V.I.N.Cent and B.O.B. are also equipped with laser emitters in both of their front "arms." (Their grasping manipulators extend to the sides, from their "shoulders.") V.I.N.Cent's are disabled (i.e., shot out) by the automated security system soon after boarding Cygnus, but they're repaired in time to humiliate S.T.A.R. in a shooting contest and aid the humans during the final battle.
Karmic Death: Reinhardt is pinned down by debris as the ship heads towards the black hole. Maximillian is too far away to assist him, so he begs the zombified crewmembers to help him. Thanks to his own programming which turned them into mindless zombies in the first place, they completely ignore him and continue to follow their routines as he dies painfully and slowly.
Maximillian gets one of his own; his signature weapons are those horrible drills, and he gets a neat little hole drilled in his own torso by V.I.N.C.E.N.T., in much the same way that he had eviscerated Dr. Durant.
Mohs Scale of Science Fiction Hardness: It starts out as a hard sci-fi exploration flick, in that the Palomino maneuvers like a real spacecraft with the main thruster and attitude jets, and everyone in the spacecraft is weightless except when they are under acceleration, etc. Then Dr. McCrae is asked to use her ESP to talk to their Robot Buddy. Then they board the Cygnus, which has Artificial Gravity developed by Reinhardt from his research on the black hole. There's a gradual process of moving from 4 to 1 on the scale, with a debatable return to 4 near the end, where the characters moving outside the Cygnus are doing so with panic because they're essentially swimming around inside atmosphere flowing from a breach in the ship's hull. Then they travel through the black hole itself into the afterlife(?).
Our Wormholes Are Different: The movie treats the eponymous black hole as a wormhole, even going so far as to have the characters travel through it and come out "unharmed" on the other side, if the "other side" is the afterlife. Whether it is makes things tricky.
Oh Crap: Charlie's reaction when he figured out the probe ship they're using to escape the Cygnus is actually programmed to go into the black hole.
Outrun the Fireball: The scene where the heroes try to make it across a tunnel before a huge meteor plowing through the ship reaches them.
Psychic Powers: Dr. McCrae has a telepathic link with V.I.N.CENT, thanks to a cybernetic impant in her brain.
Rage Helm: Maximillian has a bright red eye with a furrowing brow sculpted/painted above it, making it look like he's permanently scowling.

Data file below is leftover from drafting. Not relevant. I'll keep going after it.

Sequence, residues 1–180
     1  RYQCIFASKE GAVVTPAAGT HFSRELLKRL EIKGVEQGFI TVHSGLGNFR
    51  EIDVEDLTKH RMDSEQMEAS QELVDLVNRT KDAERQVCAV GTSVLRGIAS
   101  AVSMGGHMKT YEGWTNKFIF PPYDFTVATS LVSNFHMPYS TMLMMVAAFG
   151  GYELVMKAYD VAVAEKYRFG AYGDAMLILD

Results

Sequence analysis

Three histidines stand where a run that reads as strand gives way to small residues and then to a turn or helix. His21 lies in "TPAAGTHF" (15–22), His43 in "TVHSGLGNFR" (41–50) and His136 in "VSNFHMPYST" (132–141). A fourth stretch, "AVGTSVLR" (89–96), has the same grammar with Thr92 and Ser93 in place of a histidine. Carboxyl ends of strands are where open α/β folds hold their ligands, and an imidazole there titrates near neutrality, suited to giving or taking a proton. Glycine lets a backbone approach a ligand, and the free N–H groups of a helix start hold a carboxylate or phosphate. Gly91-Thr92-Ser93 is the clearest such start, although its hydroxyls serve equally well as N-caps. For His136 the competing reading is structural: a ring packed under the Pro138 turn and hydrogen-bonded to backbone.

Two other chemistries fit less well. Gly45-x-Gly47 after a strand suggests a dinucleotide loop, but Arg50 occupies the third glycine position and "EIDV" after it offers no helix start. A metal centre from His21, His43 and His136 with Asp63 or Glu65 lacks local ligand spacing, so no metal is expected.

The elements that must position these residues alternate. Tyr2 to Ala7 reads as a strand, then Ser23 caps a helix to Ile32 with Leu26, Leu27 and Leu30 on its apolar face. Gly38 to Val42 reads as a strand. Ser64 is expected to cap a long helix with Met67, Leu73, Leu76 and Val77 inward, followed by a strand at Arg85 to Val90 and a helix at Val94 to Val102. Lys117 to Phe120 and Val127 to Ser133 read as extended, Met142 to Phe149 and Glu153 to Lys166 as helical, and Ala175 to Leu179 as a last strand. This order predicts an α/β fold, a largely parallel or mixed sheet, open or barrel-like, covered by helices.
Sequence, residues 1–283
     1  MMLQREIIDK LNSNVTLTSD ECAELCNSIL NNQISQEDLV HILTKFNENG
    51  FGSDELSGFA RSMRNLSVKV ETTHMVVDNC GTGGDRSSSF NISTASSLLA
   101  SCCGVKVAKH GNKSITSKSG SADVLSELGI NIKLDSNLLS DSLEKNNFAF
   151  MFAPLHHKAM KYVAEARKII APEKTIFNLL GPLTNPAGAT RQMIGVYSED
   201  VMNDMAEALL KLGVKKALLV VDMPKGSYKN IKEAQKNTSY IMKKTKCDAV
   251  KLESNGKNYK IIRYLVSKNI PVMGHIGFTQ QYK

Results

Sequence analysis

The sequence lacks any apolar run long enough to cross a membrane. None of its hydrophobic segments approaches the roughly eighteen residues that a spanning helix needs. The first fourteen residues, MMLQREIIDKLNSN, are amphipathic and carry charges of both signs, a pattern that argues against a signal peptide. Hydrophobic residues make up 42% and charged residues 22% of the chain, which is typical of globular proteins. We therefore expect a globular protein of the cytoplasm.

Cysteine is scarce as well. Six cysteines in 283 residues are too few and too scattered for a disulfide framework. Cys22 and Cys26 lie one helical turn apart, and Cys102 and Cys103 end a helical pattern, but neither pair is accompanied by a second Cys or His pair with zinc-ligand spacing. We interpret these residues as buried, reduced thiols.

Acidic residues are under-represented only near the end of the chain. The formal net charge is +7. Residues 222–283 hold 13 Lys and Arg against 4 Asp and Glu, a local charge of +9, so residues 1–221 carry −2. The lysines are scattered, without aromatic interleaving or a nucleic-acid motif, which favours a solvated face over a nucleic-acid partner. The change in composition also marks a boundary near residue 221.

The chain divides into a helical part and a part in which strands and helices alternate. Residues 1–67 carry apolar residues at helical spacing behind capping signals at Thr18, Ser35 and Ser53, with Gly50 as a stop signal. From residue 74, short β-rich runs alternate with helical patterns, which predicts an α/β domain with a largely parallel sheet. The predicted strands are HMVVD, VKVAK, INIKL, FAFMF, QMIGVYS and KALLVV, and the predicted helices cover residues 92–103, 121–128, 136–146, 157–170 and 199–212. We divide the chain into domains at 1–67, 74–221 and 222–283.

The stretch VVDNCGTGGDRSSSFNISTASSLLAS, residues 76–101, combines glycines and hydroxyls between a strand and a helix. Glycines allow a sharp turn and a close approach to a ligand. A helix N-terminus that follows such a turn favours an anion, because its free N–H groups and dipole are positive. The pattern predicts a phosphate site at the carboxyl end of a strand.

Robot Buddy: V.I.N.CENT and Old BOB. Maximillian, not so much.
Robotic Psychopath: Maximillian. When Maximillian slaughters Alex Durant, Reinhardt berates it for killing a "good man". Clearly, he does not control the robot fully, and it has a malevolent will of its own - when the ship is later disintegrating, Maximillian leaves Reinhardt to die, despite the fact that his predicament was clearly visible to it.
This movie has religious symbolism out the wazoo: in addition to the foreshadowing comparisons of the Black Hole with Hell ("My god, it's right out of Dante's Inferno"; "Every time I see one of these things I expect to see a guy in a red suit with a pitchfork"), Durant says it may lead "into the mind of God". Reinhardt likens V.I.N.CENT and Maximilian to David and Goliath and quotes from Genesis. The Cygnus looks like a Gothic cathedral, the control panels on the bridge look like stained glass windows, and the humanoids are dressed like monks. Lampshaded when Reinhardt offhandedly remarks that it's another of his "theatrical gestures".
In fact, one planned ending involved a reveal that shows Dr. McCrae as one of the angels depicted among the frescoes of the Sistine Chapel.
Durant tries to shield himself from Maximillian...with a book. His admiration of knowledge is useless against the murderous truth.
Scenery Porn: The Cygnus's interior resembles a high tech-cathedral of steel and glass with mammoth, lengthy corridors and ominous lighting.
The Danza: Played with, but not used straight. Dr. Reinhardt's henchbot is named Maximillian. The actor who plays Reinhardt is named Maximillian Schell.
This Is a Drill: V.I.N.CENT has a drill. He asks Maximillian to say hi to his drill near the end of the movie.
Maximillian's own spinning claw-saw would also qualify.
Too Dumb to Live: Had Captain Holland listened to his instincts and not flown near the Cygnus (which they knew was too close to the Black Hole), the Palomino would remain undamaged and would have returned home safe and sound.
Villain Ball: Dr. Reinhardt's decision to have the crew of the Palomino killed after his secret was discovered, rather than let them flee anyway, resulted in the destruction of the Palomino and, indirectly, Maximilian's destruction.
The Voiceless: Maximilian never actually speaks; he presumably is able to communicate somehow, but not on-screen, which of course makes him all the more unsettling.
He does, however, let out an electronic sounding shriek when V.I.N.CENT drills him at the end.